Antitrust Sentence Lands Buffalo Developer in Jail
Antitrust Sentence Lands Buffalo Developer in Jail
A Buffalo, NY developer convicted in an antitrust case earlier this year will spend more than two years in prison. In addition to the 28-month prison term, the judge also ordered the man to pay a $500,000 fine.

The developer participated in a pay-to-play scheme that awarded nearly a billion dollars to Buffalo-area construction projects. Prosecutors alleged that participants paid enormous campaign donations to New York governor Andrew Cuomo as part of the bid-rigging scheme. Cuomo himself did not face charges. A federal jury also convicted two other developers indicted in the same investigation. Also charged and convicted was the former president of the State University of New York Polytechnic Institute. Prior to his arrest, Dr. Alain Kaloyeros served as Governor Cuomo’s head of key economic development programs.

Kaloyeros received a sentence of 42 months in prison and two years of supervised release. The judge in that case also ordered Kaloyeros to pay a $100,000 fine. Prosecutors say that Kaloyeros directed hundreds of millions of dollars in construction contracts to pre-selected developers.

The jury convicted each of the four men of wire fraud and conspiracy to commit wire fraud. In addition, the jury convicted one developer of making false statements to federal authorities. They convicted another developer of paying bribes to a Cuomo campaign executive.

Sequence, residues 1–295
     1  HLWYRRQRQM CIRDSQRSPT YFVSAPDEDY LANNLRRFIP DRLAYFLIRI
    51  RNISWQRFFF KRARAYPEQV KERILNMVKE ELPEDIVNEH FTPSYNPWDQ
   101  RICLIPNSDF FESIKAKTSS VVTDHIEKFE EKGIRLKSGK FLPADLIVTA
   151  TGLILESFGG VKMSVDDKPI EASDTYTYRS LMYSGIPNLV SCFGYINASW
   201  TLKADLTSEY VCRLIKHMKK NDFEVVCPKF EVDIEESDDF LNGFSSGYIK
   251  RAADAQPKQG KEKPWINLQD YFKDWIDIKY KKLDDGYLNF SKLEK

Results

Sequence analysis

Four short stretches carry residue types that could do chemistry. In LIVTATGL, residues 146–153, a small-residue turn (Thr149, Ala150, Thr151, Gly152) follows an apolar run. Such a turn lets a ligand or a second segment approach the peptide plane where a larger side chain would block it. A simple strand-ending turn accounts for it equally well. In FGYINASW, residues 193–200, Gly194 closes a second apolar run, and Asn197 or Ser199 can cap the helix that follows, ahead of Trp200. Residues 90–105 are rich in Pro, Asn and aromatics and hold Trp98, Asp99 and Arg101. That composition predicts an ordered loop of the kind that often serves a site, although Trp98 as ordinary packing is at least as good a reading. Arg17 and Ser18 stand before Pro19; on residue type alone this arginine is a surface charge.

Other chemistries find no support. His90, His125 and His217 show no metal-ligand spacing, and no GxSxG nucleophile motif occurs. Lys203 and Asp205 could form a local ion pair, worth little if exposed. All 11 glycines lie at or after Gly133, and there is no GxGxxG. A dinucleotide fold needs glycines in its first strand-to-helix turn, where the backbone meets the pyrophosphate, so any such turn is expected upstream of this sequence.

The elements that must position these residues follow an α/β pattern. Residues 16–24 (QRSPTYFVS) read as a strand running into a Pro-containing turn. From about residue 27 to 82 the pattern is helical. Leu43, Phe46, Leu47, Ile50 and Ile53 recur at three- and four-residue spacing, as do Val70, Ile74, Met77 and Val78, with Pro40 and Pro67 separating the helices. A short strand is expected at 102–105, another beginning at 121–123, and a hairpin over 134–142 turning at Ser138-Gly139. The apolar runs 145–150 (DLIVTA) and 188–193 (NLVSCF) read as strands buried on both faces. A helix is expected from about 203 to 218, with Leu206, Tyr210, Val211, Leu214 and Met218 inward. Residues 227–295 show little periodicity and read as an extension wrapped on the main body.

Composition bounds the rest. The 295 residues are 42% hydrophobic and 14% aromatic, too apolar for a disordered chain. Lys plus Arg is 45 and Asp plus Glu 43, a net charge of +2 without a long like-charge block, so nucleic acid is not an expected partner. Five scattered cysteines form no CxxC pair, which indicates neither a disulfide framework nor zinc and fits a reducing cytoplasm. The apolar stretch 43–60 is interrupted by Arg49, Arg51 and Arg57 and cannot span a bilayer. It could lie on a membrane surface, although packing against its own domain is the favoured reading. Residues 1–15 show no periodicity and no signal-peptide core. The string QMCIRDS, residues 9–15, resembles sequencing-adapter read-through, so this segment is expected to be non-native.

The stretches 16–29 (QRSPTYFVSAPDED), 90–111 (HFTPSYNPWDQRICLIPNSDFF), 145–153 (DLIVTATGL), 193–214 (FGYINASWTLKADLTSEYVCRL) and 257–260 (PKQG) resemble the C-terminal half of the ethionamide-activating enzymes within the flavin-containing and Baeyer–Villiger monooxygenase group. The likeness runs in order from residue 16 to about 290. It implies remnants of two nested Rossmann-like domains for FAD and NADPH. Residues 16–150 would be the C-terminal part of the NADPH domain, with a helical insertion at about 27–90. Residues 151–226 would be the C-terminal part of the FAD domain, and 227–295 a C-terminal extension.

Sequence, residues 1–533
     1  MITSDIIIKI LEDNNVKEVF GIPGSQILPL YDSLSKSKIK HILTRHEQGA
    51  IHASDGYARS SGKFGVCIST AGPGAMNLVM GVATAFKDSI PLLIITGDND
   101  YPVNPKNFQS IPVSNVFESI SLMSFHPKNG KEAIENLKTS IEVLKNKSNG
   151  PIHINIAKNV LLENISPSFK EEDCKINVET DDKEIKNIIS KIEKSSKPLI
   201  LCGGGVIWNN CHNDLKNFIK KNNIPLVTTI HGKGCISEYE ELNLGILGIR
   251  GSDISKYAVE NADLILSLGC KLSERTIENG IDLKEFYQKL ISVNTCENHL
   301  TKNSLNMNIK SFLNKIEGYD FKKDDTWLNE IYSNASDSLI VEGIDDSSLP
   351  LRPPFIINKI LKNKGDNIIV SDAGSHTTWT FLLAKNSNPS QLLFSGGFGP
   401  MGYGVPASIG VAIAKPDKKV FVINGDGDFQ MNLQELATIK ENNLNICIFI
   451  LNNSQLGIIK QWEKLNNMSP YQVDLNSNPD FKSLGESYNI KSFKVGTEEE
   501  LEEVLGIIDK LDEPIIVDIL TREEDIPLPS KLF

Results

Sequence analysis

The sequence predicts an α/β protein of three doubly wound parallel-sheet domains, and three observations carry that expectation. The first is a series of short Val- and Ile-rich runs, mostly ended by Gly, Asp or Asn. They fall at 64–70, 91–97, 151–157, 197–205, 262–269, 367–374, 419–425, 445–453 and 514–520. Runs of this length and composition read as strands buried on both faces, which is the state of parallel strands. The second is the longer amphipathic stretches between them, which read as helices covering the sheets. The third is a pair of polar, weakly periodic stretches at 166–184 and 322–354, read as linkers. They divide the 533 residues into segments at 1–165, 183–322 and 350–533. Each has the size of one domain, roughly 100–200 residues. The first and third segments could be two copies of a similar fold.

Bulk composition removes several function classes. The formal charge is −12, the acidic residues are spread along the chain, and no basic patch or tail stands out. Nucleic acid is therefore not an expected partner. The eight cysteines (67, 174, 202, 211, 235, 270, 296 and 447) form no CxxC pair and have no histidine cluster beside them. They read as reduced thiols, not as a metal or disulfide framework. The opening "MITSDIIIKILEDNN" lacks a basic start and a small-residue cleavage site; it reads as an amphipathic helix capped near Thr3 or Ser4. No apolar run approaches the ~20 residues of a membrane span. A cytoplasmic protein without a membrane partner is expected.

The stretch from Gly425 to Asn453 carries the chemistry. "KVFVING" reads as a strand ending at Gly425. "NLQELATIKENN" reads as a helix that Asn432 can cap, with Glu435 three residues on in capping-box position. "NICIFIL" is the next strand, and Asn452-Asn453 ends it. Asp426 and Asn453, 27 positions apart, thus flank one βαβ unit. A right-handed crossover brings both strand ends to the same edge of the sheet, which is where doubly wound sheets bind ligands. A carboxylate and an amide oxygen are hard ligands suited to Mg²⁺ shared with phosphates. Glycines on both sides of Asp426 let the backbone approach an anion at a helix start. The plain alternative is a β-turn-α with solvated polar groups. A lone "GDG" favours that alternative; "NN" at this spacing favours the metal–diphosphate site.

Federal Criminal Antitrust Lawyer

When you face charges of bid rigging, hire an experienced criminal antitrust lawyer like Robert Helfend. Mr. Helfend has nearly 35 years of experience in criminal defense. He takes federal cases in any circuit in the United States. He also takes state-level cases in Los Angeles County and throughout Southern California.

Antitrust statutes provide for both civil and criminal penalties. Corporations can face criminal charges, as can individual executives. Criminal actions under antitrust statutes include anticompetitive activities like price fixing, bid rigging and market allocation schemes. Normally, anticompetitive actions also rely on cooperative agreements between individuals or corporations that would otherwise compete against each other.

Federal authorities vigorously investigate and pursue antitrust charges, especially when they involve public corruption. When you face criminal anticompetitive charges, your best defense strategy involves hiring an experienced, aggressive criminal defense attorney.

Contact Robert Helfend or call toll-free at (800) 834-6434, (805) 273-5611, (310) 456-3317 or (818) 591-2809 for an immediate consultation on your Ventura County antitrust/identity theft case.

Photo Credit: Michel G., via

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